There are two main material substrates that can be used to make flexible circuits.  The first is commonly referred to as Kapton – DuPont’s trade name for polyimide film.  Because polyimide/Kapton can withstand very high temperatures, post processing of etched copper circuitry is possible.  The second substrate is polyester film printed with silver conductive ink.  Polyester is a very robust polymer, but not as heat resistant as Kapton.  However polyester has other excellent properties that make it outstanding for many flexible circuits.

Close up image human hand drawing circuit board.jpeg

Kapton can be thought of more like a printed circuit board (PCB) with very thin/flexible (.005” thick material). The conductive traces are copper just like a PCB and processed similarly.  Many companies offer and design Kapton circuits as an option, however most companies do not process it in-house. Kapton circuits require a special chemical processing, similar to PCB boards – it is a subtractive process (chemical intensive, not eco-friendly), in comparison silver printing is an additive process and better for the environment.

Both Kapton/copper and polyester/printed silver can be covered with a dielectric cover layer for protection of the circuit traces from oxidation, abrasion, or electrical shorts. While the two materials do have their similarities, they also have their differences; Kapton offers some advantages over printed silver circuits:

  • Kapton is the base circuit material and offers good insulation properties and heat resistance
  • Copper trace widths can be very narrow while the electrical resistance remains For instance, with printed silver, a typical switch resistance spec is 100 ohms max, while these same traces might be less than 10 ohms for Kapton/copper circuits. This means that a copper circuit can conduct the same electricity in a narrower trace width than silver can.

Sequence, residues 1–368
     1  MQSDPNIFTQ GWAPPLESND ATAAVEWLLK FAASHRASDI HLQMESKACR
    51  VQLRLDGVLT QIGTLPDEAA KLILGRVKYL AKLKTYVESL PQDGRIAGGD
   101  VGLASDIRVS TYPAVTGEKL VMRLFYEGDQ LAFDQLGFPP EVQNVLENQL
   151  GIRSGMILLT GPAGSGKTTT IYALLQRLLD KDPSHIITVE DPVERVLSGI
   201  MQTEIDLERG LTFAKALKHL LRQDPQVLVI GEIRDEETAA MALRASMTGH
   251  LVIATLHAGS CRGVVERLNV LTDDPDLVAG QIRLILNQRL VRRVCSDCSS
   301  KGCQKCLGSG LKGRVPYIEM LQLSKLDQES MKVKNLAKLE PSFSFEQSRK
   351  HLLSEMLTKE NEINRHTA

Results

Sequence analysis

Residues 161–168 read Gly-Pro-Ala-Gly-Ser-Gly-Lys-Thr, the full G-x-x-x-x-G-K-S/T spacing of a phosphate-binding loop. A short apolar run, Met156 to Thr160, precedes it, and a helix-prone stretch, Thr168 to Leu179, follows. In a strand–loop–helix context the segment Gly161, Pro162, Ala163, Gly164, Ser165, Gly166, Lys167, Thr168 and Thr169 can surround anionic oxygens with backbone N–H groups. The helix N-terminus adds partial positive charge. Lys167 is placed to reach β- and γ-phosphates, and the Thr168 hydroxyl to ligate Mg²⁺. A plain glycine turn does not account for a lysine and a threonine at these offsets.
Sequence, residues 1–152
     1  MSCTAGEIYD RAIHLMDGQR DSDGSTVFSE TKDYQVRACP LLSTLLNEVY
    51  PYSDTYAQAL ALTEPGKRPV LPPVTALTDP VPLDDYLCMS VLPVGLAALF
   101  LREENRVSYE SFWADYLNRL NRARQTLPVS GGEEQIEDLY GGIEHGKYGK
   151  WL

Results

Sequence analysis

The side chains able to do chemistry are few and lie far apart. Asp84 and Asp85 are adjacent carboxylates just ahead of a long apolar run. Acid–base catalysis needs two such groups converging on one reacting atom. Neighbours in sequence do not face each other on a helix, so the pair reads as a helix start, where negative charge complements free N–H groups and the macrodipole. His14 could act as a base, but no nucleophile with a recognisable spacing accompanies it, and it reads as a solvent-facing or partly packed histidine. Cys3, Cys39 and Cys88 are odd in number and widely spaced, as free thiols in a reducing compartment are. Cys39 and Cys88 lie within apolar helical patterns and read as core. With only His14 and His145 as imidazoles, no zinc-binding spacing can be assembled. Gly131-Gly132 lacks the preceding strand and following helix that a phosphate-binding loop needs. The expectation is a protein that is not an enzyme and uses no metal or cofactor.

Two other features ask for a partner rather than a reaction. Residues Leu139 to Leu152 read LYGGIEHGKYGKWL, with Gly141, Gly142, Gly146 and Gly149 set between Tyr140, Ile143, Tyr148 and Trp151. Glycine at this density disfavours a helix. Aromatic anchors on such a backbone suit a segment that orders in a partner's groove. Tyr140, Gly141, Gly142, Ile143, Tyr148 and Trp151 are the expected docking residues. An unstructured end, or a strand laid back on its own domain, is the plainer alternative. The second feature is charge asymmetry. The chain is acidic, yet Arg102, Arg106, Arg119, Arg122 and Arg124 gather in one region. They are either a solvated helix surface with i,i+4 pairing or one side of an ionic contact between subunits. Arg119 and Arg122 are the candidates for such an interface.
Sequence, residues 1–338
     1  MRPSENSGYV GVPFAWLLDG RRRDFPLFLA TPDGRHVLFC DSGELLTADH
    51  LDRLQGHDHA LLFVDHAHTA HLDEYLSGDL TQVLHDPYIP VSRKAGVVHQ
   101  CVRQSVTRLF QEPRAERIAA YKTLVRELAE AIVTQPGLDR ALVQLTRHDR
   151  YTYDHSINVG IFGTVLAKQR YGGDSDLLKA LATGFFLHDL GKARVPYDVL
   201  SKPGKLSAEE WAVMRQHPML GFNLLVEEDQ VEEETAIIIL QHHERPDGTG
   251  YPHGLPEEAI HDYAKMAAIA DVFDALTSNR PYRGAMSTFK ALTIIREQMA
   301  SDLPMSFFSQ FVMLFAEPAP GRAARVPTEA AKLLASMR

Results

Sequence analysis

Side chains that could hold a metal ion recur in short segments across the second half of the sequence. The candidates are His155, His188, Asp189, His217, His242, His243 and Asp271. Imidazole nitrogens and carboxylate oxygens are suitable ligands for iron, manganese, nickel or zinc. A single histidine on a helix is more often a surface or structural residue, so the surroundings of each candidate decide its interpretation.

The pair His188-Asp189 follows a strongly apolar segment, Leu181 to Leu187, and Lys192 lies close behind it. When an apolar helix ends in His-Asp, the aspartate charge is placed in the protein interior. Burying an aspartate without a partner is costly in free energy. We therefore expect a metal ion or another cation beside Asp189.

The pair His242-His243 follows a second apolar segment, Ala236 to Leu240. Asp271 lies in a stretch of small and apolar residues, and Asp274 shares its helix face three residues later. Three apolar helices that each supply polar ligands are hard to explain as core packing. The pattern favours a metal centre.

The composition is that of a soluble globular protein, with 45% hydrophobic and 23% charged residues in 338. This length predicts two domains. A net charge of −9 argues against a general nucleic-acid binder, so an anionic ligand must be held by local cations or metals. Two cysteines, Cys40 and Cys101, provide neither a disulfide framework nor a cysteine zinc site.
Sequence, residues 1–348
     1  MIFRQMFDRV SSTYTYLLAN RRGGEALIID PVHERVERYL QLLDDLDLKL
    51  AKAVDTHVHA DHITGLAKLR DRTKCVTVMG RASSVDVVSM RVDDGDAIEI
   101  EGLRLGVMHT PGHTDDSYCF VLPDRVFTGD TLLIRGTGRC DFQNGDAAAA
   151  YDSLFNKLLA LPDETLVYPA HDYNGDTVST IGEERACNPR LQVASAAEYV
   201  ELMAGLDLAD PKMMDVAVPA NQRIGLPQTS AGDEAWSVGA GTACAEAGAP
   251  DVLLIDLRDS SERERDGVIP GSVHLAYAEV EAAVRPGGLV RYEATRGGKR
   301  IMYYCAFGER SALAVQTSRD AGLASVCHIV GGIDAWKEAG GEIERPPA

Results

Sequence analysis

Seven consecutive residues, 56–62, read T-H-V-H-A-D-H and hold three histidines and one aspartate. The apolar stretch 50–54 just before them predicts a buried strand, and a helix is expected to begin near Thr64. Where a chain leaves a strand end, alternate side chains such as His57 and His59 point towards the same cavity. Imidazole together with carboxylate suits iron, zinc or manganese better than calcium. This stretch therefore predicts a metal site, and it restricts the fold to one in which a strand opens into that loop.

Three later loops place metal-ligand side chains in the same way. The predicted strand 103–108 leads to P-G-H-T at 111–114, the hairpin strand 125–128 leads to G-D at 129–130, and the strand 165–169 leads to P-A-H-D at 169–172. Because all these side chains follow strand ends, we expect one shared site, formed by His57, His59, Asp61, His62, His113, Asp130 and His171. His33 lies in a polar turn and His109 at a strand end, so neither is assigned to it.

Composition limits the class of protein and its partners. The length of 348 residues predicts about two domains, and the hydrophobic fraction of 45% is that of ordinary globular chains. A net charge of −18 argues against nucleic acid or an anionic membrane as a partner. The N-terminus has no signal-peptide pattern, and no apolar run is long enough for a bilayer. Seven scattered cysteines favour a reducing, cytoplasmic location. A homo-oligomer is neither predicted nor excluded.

• The copper can be gold plated (and typically is), this provides low contact resistance for metal domes during life cycling
  • Any components, LED’s, resistors, capacitors, integrated circuit (IC) chips, etc. can be soldered on Kapton/copper circuits. This is where Kapton really performs like a traditional printed circuit board – the high temperature resistance of the film allows the high temperatures of reflow soldering without damage. Electrical circuit functionality is greatly increased using Kapton (consider it equal to a PCB board but more flexible.)  This cannot easily be done with silver circuits because the polyester film cannot tolerate the time and heat requirements of soldering.  As a result component attachment processes such as conductive epoxy and encapsulation can be used to mount certain components to polyester.
  • It is possible to etch much narrower trace widths/spaces with Kapton/copper than it is to screen print on silver circuits – although the gap is closing – Kapton with gold plating circuit tails can be made to fit ZIF connectors down to 0.2mm trace pitch traces while printed silver is just now approaching applications for ZIF connectors down to 0.5mm trace pitch. At 0.5mm trace pitch it is challenging to screen print carbon over the silver at the tail ends for protection.

So why would anyone make a flexible circuit on something other than Kapton with copper traces?  Simple – it comes down to cost and flexible manufacturing!  Kapton comes at a premium price – perhaps 2x the cost of polyester, and the copper etching / stripping process is a more capital intensive process than screen printing.  Because screen printing is a more user friendly additive process, it can be used to print incredible silver circuits for membrane switches and many other printed electronic applications.